They walk among us, but they’re not necessarily who you’d expect. No, we’re not talking about a glass-walled houseful of attractive, brooding and extremely pale vampires; we’re talking about “naturals.” While the ability to detect deception is innate in all of us, it’s more “natural” for some than for others. But the term “natural,” is in itself — literally, by nature — deceiving: research shows that seemingly superhuman lie detection skills have as much to do with nurture as with nature. Read on to learn about three types of people, as identified by body language expert Janine Driver, who instinctively tap into their natural BS Barometers.
1. Secret Service Agents
Okay, this one isn’t exactly a surprise. While many lies are revealed by the unraveling of factors surrounding the lie, some are betrayed by only one thing: human intelligence. Remember the Terminator’s nifty “Scan Mode”? Secret Agents are kind of like that in non-robot form. They routinely scan crowds of thousands of people looking for the one face that poses a threat to national security.
When it comes to spotting lies, Secret Service agents routinely score better than all other occupational groups. This is largely attributed to their training: security agents are rigorously prepared to identify “tells” — a critical skill when it’s 1. your job and 2. a matter of life or death.
2. Survivors of Traumatic Childhoods
If you ever watched “Lie To Me,” you may remember Torres, the airport security agent-turned-deception expert identified by Cal Lightman as a “natural.” On the show, Torres’ s finely tuned BS Barometer is attributed to growing up with an abusive father. As it turns out, this wasn’t just character development or back story: it was THE story in the case of Torres’s lie detection skills.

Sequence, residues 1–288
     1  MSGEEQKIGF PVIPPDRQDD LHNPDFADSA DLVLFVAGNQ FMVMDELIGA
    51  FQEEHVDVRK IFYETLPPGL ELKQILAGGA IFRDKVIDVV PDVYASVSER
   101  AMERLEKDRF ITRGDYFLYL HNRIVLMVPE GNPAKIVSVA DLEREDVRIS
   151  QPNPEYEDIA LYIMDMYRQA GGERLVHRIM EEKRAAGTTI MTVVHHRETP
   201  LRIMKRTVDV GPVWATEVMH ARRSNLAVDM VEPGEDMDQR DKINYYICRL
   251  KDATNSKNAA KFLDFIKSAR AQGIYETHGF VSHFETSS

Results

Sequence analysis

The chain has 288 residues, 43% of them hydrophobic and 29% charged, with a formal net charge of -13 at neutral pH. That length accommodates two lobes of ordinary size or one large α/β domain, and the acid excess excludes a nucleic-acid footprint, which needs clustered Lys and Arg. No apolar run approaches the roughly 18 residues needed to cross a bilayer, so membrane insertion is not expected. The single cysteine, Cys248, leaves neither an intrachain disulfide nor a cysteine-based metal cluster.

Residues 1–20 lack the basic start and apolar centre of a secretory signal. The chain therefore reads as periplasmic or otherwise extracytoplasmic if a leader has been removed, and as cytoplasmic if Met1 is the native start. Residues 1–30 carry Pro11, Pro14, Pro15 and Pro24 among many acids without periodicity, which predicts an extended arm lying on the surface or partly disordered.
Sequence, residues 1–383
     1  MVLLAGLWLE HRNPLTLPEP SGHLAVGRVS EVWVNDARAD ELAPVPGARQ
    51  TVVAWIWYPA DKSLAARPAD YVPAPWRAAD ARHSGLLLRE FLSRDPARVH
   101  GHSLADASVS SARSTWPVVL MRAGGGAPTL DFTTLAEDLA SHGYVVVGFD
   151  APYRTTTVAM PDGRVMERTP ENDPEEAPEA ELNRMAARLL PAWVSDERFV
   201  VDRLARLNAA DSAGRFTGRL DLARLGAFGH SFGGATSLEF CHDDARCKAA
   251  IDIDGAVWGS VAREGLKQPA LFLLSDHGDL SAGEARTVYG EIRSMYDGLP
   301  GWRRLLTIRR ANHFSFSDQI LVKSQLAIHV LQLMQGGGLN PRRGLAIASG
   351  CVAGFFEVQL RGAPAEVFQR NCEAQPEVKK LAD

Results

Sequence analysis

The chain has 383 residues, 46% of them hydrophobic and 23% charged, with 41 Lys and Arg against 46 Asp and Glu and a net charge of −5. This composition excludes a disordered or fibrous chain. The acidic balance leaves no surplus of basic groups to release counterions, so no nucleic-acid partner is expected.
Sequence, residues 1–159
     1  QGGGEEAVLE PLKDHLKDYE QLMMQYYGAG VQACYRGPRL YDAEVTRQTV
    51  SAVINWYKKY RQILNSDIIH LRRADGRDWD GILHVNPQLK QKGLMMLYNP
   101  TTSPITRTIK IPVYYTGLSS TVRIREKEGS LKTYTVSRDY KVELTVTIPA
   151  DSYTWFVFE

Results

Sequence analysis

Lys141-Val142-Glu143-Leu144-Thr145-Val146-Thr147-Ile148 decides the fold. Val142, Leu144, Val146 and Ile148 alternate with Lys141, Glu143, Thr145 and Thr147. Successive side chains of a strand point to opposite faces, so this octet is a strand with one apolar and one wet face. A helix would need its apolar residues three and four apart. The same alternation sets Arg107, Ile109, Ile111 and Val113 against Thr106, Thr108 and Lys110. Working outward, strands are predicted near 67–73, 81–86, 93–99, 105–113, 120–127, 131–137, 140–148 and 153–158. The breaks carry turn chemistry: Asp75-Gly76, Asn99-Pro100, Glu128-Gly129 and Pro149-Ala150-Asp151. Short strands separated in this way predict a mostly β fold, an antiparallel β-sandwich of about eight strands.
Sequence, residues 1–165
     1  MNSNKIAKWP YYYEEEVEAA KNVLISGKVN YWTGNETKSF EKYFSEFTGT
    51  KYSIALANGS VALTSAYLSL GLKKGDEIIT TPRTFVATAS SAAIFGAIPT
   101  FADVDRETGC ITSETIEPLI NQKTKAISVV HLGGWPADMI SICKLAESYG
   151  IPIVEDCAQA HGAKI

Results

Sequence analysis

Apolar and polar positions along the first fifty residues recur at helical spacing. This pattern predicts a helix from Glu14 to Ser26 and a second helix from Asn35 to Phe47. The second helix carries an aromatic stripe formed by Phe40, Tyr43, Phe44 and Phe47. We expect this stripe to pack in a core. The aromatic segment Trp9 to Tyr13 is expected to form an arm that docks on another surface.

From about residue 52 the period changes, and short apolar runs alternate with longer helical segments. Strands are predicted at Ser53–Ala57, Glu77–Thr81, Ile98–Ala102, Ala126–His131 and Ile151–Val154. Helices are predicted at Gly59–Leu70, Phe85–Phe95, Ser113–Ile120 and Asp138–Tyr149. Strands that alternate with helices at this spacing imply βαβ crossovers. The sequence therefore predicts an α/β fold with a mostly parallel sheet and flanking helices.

The truth is that children who grow up in unstable homes are superior to their white picket fence counterparts when it comes to spotting deception. In fact, as many as 30 percent of “Truth Wizards” are the product of traumatic childhoods. While the source of instability may differ — from alcoholic parents to sexual, emotional or physical abuse — the end result is the same: the constant sense of vigilance necessitated by trauma during childhood can lead to a heightened ability to suss out truth from lies.
3. Aphasia Sufferers
Strokes come with all sorts of mostly debilitating consequences, but most people don’t know that strokes resulting in aphasia — the inability to produce speech — have an unexpected side effect: the enhanced ability to detect lies. Research from the University of California at San Francisco and Massachusetts General Hospital indicates that stroke victims with damage to the region of the brain linked with speech recognition demonstrate superior lie detection skills to their non-aphasic peers.
Just how superior? People with aphasia had nearly 75 percent success in identifying lies compared to just 50 percent in non-aphasics. Researchers suggest that this is because people without speech are more likely to focus on fine or fleeting variances in people’s facial expressions as opposed to getting caught up in the words themselves.
If you haven’t noticed yet, these three sub-sets of “naturals” have one glaring thing in common: they’re not so much born as made. This has significant implications for the rest of us in the form of living, breathing proof that mastering body language is the key to accessing our inner lie detectors and living in truth.
Until we visit again ...
Keep It Real and Always Live at Level 10,
- Mark Call
Truth Wizards Radio Podcast Host
'Certified' Body Language Trainer